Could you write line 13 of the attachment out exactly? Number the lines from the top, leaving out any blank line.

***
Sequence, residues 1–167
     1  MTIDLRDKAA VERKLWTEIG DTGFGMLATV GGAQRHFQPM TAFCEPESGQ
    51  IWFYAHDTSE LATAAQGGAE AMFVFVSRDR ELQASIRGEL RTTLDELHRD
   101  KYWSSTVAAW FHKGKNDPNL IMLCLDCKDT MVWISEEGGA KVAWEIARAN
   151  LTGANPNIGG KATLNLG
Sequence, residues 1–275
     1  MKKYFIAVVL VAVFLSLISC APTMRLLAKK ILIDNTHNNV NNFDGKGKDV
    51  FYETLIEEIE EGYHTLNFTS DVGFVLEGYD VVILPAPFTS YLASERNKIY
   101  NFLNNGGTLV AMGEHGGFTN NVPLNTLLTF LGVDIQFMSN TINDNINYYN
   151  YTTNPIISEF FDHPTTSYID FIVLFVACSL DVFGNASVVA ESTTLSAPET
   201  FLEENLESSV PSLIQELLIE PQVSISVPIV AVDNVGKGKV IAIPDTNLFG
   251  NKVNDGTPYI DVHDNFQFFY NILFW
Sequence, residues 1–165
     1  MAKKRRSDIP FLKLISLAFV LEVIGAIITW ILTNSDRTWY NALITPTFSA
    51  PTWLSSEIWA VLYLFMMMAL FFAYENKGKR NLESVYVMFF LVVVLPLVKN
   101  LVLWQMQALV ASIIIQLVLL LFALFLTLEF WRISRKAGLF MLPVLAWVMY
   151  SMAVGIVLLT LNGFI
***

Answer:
Sequence, residues 1–165